Governor Doug Ducey declared an emergency in Pima and Arizona’s other border counties along with Pinal and Maricopa Counties, on Tuesday.
The emergency declaration says since January 20, 2021, the day President Joe Biden was sworn in as president, “foreign nationals began entering the United State at substantially higher rates through both legal and illegal means.”
The declaration allows Ducey to send 250 Arizona National Guard troops to those counties.
“The U.S. Border Patrol is overwhelmed. Local law enforcement and mayors are calling out for help,” Ducey said in a video he released with the declaration.
Ducey has hinted at the move for weeks beginning with a news conference he held at the border in Cochise County with Republican members of the legislature, Republican border county sheriffs, and Rick Scott, the Republican U.S. Senator from Florida who is in charge of recruiting Republican senate candidates.
“I said last month that the Biden administration is totally divorced from reality. Now, it seems like they fully understand the reality and they are putting their heads in the sand and trying to ignore it anyway,” Ducey said in his video.
“It’s very disappointing that Governor Ducey is playing politics with the National Guard,” Tucson Mayor Regina Romero said after hearing about the emergency declaration.
When the U.S. Supreme Court struck down much of Arizona’s SB 1070, the strictest state anti-illegal immigration law in the country, it made it clear that the federal government held sole responsibility and control of border enforcement. Since the federal government has not invited the Arizona National Guard to help U.S. Customs and Immigration Enforcement or the Border Patrol with border enforcement or detention, that limits what it can do while deployed as part of the emergency declaration.
“The Guard will support by assisting with medical operations in detention centers, installing and maintaining border cameras, monitoring and collecting data from our cameras, and analyzing satellite imagery for current trends in smuggling corridors,” Ducey explained.
The number of legal asylum seekers coming to the U.S.-Mexico border, including in Arizona, is rising. Many of those who try to cross in southern Arizona end up in Tucson for a day or two in the care of Casa Alitas run by Catholic Community Services of Southern Arizona.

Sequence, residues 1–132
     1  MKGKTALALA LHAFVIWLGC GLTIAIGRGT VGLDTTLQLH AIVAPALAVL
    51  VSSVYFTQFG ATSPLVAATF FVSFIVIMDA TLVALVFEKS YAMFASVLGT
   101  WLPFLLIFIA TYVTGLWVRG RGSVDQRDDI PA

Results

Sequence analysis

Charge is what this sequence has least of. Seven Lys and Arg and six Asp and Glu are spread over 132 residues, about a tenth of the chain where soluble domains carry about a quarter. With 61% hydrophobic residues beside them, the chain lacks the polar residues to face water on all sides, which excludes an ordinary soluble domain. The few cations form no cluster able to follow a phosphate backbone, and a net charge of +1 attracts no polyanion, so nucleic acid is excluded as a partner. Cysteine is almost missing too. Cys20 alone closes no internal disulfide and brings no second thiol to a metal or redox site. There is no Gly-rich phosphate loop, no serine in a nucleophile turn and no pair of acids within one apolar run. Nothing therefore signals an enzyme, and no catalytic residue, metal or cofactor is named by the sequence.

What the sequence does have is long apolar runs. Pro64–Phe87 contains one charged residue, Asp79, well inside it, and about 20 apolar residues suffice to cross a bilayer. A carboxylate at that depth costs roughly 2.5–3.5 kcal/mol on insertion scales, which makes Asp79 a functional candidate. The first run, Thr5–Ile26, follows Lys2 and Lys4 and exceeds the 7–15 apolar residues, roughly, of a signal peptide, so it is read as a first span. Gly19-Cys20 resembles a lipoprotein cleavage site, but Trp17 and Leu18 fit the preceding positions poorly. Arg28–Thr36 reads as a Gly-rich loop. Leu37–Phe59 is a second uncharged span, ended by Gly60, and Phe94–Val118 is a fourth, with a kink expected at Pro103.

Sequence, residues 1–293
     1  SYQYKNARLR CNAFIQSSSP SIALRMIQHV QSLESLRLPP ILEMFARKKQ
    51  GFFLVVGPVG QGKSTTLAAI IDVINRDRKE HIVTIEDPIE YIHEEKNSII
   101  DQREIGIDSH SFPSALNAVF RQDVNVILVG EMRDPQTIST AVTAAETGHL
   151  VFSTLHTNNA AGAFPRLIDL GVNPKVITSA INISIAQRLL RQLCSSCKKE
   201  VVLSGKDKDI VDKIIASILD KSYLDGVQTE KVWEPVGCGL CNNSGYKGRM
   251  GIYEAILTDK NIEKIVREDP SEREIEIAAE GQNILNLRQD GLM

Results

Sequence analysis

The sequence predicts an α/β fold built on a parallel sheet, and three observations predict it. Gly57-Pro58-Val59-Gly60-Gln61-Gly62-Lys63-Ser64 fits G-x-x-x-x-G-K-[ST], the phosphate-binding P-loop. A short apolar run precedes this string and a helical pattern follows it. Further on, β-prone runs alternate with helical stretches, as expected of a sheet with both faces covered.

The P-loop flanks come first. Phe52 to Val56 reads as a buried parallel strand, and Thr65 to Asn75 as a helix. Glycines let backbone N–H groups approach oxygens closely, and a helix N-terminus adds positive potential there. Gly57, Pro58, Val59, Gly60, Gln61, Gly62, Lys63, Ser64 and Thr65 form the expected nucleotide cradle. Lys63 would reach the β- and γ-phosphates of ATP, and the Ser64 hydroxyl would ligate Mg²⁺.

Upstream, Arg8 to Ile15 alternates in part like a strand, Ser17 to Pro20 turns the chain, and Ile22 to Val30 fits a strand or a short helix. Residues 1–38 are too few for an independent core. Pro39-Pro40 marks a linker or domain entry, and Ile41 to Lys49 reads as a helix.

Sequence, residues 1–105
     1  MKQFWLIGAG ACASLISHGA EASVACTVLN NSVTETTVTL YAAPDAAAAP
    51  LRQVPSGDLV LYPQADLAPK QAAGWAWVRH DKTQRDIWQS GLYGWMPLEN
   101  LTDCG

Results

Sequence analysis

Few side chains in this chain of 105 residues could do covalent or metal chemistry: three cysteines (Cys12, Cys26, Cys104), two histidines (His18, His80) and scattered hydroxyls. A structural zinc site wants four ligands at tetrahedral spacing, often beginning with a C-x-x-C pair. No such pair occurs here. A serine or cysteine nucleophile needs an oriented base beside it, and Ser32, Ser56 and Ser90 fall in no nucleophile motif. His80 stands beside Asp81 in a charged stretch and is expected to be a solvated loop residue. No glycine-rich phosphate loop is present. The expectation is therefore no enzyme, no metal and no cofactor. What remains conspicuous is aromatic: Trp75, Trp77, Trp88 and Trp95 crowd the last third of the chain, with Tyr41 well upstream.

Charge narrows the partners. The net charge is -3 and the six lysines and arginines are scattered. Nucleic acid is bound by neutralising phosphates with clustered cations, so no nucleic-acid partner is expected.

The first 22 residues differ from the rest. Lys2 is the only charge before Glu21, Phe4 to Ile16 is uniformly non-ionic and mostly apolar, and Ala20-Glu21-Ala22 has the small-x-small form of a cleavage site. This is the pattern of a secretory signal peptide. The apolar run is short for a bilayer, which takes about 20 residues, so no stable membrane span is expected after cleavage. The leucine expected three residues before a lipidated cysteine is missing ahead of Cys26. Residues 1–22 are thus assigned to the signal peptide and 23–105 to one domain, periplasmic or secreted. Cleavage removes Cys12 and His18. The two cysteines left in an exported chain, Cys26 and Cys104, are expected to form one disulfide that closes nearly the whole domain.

The City of Tucson and Casas Alitas partnered during the asylum surge in 2019.
Romero said she has not spoken to Ducey or his office about the increase in legal asylum seekers. She said Tucson, Pima County, and local charities can handle the load and don’t need the National Guard.
“We’re coordinated. We’re working with CBP (Customs and Border Protection), we’re working with the federal government so we can invoice the federal government on any expenses that we do for the usage of asylum seekers,” Romero said.
Ducey has repeatedly said Arizona's border was in crisis, and some law enforcement officers have agreed. Republican sheriffs Mark Dannels of Cochise County and Leon Wilmot of Yuma County welcomed the deployment announcement Monday. But not all border law enforcement felt the same.
When Santa Cruz County Sheriff David Hathaway said he heard from the National Guard a few weeks ago about a possible deployment to deal with what they called a migrant crisis, he told them that's just not what his county is seeing.
"Yeah we’re not seeing like a migrant crisis here in Santa Cruz County," he said. "We’re seeing an economic crisis because the tourist visa holders have not been allowed to cross for 13 months now."
Hathaway said binational tourism has been hit hard by border closures during the pandemic. He estimates 90% of businesses along the main thoroughfare in Nogales, Arizona have closed, and the state has lost out on hundreds of thousands of dollars in revenue that normally comes from travelers.
But asylum seekers are not being dropped off in Santa Cruz County right now. Hathaway said a robust network of aid groups are ready to step in when they are. That's why he declined to sponsor National Guard troops in his county, and he said without a local sponsor like his office or a police department, it's unlikely troops will be deployed there.
Pima County Sheriff Chris Nanos said despite having jurisdiction over a large swath of the Arizona border, he hasn't been in touch with Ducey since taking office and wasn't told about the deployment. But he said asylum processing is a federal issue.
"Let the federal government, let Border Patrol and Customs work with local law enforcement officials on that border," he said. "They don’t need the national guard."
Most migrants who make it into Arizona are unaccompanied children and families seeking asylum. Nanos said aid groups are already coordinating with Border Patrol, and he doesn't see how the adding National Guard would fit in.
Where are the criminal acts that are occurring on the border that would even make you suggest putting the national guard there," he said. "They have a lot of families coming across the border, coming because there is strife in their homelands. They are suffering and nobody seems to care about that, what they want to do is politicize it."
There were still a lot of questions for asylum seekers even before the deployment news. Dora Rodriguez is an aid worker who has spent weeks traveling to border towns in Arizona to help migrants. She said many have waited years to claim asylum.
"There is no crisis at our borders, I mean there are no people flooding the streets," she said. "The crisis that we see is the crisis of each person and their lives in those shelters."
Rodriguez said instead of deploying the National Guard, if Arizona lawmakers want to spend money to help the situation, they should give it to groups already working on the ground.